Hills End

If I had though Gulgong was a step back in time, it is a modern city compared to Hill End. Defiantly a window into the past and a cultural heritage site.

As we drove in we were greeted with autumn colours. Wow I have only ever seen colours like this on postcards. We grabbed the dash cam and set it up then continued slowly. Lovely.


We parked up in the campgrounds. For power and water it was $12 per person per night and $8 per person per night for no power. I know the difference between $24 to $16 for both of us isn’t a lot but we were full of power and water so we decided to go basic and save the $8 a night difference. Good choice, as the powered areas were packed in like sardines. While we were the only ones in the non powered area.

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After setting up camp we took a walk into town. I laughed when I saw the first kangaroo in the back yard of a house. So it is true. Every Australian has a pet kangaroo in their back yard.

As a town, there isn’t much there. A pub, a café come very basic grocery store and a tourist shop. Some of the other buildings looked like they maybe opened for the tourist season. More yet looked lost and forgotten giving the town an unreal tranquil setting. We walked down the streets of the town only seeing fellow tourist.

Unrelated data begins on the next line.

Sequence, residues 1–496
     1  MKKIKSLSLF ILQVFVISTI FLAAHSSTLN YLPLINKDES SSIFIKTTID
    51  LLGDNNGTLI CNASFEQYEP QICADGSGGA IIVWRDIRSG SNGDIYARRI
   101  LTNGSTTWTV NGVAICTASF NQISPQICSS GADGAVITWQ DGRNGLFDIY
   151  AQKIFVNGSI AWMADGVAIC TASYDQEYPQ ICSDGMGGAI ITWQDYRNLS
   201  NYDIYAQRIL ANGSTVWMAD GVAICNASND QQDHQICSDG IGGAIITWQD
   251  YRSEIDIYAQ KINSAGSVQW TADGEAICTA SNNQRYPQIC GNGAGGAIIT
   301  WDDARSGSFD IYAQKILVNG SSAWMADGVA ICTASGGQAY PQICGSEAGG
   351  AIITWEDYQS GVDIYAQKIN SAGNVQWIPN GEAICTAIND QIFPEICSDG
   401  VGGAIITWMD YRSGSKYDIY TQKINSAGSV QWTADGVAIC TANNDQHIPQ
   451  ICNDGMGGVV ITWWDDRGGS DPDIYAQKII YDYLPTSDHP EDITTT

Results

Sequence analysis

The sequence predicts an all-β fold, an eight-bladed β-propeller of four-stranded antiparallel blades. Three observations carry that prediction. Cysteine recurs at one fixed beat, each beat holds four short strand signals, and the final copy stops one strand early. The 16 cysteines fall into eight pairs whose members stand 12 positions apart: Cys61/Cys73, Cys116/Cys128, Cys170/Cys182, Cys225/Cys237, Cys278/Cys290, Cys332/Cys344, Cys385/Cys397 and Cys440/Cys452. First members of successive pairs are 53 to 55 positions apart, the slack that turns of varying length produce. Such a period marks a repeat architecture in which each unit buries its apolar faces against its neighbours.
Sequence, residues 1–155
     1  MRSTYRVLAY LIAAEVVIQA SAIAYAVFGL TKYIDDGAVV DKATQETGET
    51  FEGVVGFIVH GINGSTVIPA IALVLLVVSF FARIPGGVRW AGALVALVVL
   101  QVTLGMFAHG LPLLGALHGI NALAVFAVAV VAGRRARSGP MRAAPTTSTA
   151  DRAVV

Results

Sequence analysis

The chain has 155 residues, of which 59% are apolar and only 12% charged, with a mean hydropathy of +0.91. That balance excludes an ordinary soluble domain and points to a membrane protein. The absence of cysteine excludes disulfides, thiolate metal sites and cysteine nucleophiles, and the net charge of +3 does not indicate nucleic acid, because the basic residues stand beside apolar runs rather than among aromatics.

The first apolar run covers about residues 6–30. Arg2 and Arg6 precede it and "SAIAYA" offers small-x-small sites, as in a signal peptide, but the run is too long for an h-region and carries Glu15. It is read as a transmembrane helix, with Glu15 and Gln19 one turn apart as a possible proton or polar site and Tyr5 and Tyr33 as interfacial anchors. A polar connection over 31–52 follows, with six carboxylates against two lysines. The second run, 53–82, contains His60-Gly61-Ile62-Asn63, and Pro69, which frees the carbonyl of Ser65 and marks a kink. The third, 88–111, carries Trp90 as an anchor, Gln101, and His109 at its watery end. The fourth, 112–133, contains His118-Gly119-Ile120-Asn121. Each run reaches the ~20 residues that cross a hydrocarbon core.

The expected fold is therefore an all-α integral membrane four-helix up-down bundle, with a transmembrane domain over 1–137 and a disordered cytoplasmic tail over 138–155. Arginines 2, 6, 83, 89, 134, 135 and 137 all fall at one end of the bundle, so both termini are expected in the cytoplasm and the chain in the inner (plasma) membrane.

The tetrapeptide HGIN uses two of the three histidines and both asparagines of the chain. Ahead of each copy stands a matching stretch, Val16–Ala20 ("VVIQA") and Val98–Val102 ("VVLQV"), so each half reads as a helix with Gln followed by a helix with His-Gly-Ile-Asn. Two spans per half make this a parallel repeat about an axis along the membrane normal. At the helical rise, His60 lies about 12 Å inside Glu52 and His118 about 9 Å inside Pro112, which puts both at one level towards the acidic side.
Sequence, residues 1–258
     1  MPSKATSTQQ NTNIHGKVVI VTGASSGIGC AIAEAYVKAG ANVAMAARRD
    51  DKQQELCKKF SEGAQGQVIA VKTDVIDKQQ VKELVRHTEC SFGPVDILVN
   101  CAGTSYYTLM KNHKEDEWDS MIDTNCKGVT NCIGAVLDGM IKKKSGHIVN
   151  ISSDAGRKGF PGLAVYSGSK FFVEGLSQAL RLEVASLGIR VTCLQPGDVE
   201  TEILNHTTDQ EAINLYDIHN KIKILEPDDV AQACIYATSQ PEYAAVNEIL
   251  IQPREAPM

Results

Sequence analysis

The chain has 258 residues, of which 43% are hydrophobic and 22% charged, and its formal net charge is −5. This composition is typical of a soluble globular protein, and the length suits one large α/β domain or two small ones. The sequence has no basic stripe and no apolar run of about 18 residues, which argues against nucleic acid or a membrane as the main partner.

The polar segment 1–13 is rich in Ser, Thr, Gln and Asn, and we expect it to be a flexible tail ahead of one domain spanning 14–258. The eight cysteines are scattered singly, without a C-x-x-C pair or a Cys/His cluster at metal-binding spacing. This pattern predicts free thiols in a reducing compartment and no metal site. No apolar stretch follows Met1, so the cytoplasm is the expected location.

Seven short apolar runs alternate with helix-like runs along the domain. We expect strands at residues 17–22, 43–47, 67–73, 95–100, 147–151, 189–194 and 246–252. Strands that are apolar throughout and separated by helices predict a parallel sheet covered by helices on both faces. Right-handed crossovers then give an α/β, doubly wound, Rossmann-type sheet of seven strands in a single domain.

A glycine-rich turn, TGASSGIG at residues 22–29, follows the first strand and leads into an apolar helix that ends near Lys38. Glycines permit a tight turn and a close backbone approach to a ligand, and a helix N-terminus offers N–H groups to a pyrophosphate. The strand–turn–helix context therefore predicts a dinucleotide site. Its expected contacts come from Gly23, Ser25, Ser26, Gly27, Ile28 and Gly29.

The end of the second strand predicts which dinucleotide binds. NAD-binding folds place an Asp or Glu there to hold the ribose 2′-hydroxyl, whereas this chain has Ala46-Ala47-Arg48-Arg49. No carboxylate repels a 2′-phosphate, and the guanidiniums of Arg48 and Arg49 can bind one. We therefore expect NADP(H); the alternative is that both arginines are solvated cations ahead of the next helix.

Signs have been set up along the road, telling people what used to be there.

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Or what is still in the town.

There is a little museum come information centre. It seemed out of place, being it is in what looked like a tin shed. Once inside you find it is high tech with lights and sound and other things. It has a glass plate of 3500 photos of the times on display and you can move thought them enlarging the once you are interested in. Now that is my type of thing. Very impressed.

As we are in the gold area of NSW it is not surprising Hill End was a gold town. They started to find gold in the area in early 1852 but it wasn’t until 1871 things really took off. Then before long Hill End was one of the largest inland towns in NSW. It reached a population of over 8,000 at its peak. The area was so rich in gold, lucky miners were finding large chunks of it as they worked. The most famous nugget found on 19 October 1872, weighed in at 5,000oz and was named the ‘Holtermann’ nugget after Beyers and Holtermann who found it. It is recorded to be the largest nugget ever found although it wasn’t really a nugget but a matrix (which is a vein of gold embedded in a rock.) It would have been worth about £10,000 at the time. I would think Beyers and Holtermann thought they had struck gold. Hang on a moment, they did. (Hotlermann retired and built a mansion in Sydney. He commissioned a stained glass window depicting himself and the nugget. What a humble way to show your wealth.)

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Over the boom period more than 62,200 kg of gold was taken from the surrounding area. For the time, that was around the million pound mark. It’s amazing when you realize the gold rush only lasted 3 years.